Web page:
She focused on nature and domestic life as her subject matter and self-discipline and loss as her themes
Jean Starr Untermeyer 2 p.m., Oct. 18
After taking a year off, the International Squeaky Wheel Tour is finally back on the road in a cross-country jaunt from Los Angeles to New York and back. A major component of the publicity arm of the GINA for Missing Persons FOUNDation (also known as 411 GINA,) the domestic leg of the tour kicked off October 17 at West LA Music. The acoustic road shows include performances by various singer/songwriters who have donated their time and energy including Darius Lux, the Conlons, Raevyn Justice, and a San Diego high schooler named James Morris.
“I’m playing all my own stuff, but at each stop I’ll be playing my song “Find You,” which I dedicated to the cause.”
Morris reminds that it’s not all about the music on this tour. He’s been put in charge of publicity and says the tour’s reason for being is to raise awareness of the hundreds of persons who go missing annually. How many missing person cases has the Squeaky Wheel Tour and 411 GINA helped close over the years? Morris defers to his mom for the answer. She can be heard saying the word “1100” in the background.
But no amount of publicity or manpower would ever lead to the discovery of the one person for whom the foundation was named: Regina Marie Bos, known simply as Gina. On October 17, 2000, the 40-year-old mother of three played a gig at Duggan’s Pub near her home in Lincoln, Nebraska. After, she walked off the stage and was never seen or heard from again. Finding Bos would become a life’s crusade for her sister, Jannel Rap, a singer/songwriter who now lives in Anaheim and who also performs as part of the Squeaky Wheel lineup.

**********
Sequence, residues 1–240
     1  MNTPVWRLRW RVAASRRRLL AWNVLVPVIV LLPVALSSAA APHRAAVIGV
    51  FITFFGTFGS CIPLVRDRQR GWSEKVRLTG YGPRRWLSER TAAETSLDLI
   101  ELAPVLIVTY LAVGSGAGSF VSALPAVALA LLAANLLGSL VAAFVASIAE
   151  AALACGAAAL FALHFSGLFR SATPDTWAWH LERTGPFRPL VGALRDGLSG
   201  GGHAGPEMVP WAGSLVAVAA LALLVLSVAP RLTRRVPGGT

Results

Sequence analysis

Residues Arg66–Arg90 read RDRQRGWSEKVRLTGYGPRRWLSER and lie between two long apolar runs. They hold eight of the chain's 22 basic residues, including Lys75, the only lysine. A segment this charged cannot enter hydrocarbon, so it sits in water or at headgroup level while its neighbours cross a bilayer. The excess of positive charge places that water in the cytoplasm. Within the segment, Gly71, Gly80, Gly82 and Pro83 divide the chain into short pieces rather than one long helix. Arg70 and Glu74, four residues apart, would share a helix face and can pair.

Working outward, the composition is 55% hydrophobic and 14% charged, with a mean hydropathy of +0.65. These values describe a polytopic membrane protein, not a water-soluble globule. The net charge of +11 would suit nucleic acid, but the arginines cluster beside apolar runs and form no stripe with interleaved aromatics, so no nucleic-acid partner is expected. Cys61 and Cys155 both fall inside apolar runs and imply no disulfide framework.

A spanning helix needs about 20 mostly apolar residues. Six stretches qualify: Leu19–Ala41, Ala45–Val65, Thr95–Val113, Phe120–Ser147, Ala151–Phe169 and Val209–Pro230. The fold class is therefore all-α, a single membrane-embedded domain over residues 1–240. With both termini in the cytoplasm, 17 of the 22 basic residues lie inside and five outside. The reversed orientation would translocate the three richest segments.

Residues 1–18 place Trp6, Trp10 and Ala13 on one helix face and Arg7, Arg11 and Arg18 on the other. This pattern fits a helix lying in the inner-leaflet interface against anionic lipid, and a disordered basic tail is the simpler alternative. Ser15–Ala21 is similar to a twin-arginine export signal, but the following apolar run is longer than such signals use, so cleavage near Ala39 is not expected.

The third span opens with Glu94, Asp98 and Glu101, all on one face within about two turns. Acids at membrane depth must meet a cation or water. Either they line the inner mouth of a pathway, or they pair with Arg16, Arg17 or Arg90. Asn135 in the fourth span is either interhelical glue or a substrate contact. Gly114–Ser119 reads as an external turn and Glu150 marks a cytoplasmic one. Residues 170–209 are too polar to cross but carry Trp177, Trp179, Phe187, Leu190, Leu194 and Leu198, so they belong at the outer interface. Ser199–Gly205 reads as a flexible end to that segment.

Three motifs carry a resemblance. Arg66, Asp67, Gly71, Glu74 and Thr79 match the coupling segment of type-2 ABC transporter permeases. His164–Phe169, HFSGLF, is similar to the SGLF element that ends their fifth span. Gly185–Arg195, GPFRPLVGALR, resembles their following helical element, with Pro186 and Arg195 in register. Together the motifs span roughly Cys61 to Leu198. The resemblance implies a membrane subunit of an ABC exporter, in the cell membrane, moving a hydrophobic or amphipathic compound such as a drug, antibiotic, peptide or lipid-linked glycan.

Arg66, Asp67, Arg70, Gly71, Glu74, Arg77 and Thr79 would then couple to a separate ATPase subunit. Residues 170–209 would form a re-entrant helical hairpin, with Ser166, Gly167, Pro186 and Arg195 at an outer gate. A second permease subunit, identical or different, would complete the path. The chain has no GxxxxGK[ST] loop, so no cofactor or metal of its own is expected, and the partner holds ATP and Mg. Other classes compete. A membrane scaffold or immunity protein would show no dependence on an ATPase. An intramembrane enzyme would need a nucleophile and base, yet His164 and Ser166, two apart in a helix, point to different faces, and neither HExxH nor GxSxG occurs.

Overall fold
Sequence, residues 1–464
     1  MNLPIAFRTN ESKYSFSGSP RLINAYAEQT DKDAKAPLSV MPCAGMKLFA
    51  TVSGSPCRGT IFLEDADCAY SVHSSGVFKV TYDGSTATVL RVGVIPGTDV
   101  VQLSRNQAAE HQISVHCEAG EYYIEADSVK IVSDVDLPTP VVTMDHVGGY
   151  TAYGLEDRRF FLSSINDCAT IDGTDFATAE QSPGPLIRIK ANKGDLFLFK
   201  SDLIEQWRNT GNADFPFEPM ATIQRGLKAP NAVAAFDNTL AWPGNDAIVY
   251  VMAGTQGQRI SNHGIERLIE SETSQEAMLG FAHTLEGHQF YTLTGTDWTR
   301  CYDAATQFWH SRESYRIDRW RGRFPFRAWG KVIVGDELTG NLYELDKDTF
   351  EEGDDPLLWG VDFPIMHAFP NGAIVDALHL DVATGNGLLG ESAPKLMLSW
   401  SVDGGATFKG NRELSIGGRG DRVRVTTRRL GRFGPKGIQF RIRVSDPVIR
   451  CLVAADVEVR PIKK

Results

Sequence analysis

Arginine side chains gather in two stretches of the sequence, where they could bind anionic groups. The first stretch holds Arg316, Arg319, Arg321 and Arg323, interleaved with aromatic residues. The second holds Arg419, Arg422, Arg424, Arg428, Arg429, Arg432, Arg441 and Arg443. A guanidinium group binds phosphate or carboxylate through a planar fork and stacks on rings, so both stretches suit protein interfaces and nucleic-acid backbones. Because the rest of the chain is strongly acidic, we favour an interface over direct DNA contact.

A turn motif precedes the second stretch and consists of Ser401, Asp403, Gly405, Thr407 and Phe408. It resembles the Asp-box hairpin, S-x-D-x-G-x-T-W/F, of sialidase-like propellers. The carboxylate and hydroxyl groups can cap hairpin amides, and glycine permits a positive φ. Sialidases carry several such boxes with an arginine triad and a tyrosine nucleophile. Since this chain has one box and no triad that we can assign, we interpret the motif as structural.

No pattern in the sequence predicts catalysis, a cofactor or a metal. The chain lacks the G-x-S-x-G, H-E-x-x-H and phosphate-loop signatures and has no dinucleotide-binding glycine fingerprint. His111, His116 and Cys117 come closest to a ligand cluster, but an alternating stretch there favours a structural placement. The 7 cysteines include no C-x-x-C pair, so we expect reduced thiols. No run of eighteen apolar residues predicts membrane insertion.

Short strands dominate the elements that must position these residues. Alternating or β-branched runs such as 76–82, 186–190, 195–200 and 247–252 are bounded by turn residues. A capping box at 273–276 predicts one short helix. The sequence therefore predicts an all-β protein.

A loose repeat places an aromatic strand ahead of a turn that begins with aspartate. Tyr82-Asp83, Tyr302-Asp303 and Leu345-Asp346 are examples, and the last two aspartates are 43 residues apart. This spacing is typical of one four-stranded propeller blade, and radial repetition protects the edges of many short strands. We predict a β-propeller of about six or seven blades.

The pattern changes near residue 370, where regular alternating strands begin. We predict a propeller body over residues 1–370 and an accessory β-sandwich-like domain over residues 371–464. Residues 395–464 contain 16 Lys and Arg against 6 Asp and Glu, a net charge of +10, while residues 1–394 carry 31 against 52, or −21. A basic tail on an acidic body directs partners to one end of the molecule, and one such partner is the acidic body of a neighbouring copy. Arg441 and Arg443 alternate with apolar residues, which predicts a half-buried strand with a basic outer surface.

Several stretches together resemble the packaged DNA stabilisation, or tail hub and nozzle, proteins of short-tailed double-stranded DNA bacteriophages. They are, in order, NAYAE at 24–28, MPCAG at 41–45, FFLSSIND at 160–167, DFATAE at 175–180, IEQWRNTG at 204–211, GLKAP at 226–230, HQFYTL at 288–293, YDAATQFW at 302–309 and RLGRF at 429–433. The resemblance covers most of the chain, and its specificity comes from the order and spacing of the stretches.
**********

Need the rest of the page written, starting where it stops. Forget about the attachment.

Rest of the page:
When Lincoln police failed to turn up any clues and closed the case, Rap founded a nonprofit organization dedicated to publicizing the plight of the nation’s missing. She named it GINA for Missing Persons in honor of her sister and soon after launched the Squeaky Wheel tours. Over the years national acts such as Maroon 5, Little Feat, and Bif Naked have joined in. At each show, Morris says performers read the names of persons missing in that area and pass out flyers.
On October 22 the Squeaky Wheel Tour will land at Music Power in San Diego, a shop formerly known as Guitar Trader. “We chose music stores because they are intimate venues with guys who are willing to do this with us and who are willing to promote and be a part of it.” They don’t charge, Morris says, and they run the sound and lights, all important considerations for a sponsor-powered tour that asks no admission.
“These are free shows. Anyone can walk in and listen.” The point of the tour, Morris says, is to raise awareness, not money. “Everything is free, but donations are accepted to support the cause. 411GINA.org,” he says, “is where you can connect to all this.”